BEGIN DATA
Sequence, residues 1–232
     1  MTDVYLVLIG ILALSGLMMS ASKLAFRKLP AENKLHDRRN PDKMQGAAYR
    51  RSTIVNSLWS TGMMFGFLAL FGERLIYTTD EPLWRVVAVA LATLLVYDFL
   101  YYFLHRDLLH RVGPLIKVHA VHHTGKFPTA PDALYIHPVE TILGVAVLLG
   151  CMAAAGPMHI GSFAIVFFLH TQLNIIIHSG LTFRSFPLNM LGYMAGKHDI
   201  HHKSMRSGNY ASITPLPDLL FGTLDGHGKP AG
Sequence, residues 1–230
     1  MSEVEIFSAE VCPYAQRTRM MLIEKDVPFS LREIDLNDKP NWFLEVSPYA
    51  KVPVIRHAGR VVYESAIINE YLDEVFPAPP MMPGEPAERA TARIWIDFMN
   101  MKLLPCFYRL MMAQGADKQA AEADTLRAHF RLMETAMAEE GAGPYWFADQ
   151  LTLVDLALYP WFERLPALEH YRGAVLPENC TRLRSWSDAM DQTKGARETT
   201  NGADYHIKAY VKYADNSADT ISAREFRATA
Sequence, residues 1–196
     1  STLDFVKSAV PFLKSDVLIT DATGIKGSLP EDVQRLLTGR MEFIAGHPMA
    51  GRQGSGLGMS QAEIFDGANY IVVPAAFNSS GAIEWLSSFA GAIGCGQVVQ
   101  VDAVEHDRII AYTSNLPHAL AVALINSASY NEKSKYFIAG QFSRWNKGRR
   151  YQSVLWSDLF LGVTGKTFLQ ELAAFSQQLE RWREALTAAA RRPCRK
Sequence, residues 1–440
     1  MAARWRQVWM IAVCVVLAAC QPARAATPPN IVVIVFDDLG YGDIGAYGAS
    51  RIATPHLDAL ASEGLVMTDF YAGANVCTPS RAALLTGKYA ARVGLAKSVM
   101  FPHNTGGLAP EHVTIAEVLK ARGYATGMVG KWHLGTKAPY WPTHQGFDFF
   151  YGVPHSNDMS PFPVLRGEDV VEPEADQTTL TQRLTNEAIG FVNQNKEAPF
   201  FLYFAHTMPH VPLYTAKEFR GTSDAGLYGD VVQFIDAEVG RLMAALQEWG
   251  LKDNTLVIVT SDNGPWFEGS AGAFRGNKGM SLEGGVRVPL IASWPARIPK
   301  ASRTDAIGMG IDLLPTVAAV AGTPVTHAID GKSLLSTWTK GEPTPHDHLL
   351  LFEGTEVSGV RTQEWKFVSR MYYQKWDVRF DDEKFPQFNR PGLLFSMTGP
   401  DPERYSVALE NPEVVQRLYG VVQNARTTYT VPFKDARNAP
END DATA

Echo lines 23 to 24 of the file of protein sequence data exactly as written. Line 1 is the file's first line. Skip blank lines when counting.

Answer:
   201  FLYFAHTMPH VPLYTAKEFR GTSDAGLYGD VVQFIDAEVG RLMAALQEWG
   251  LKDNTLVIVT SDNGPWFEGS AGAFRGNKGM SLEGGVRVPL IASWPARIPK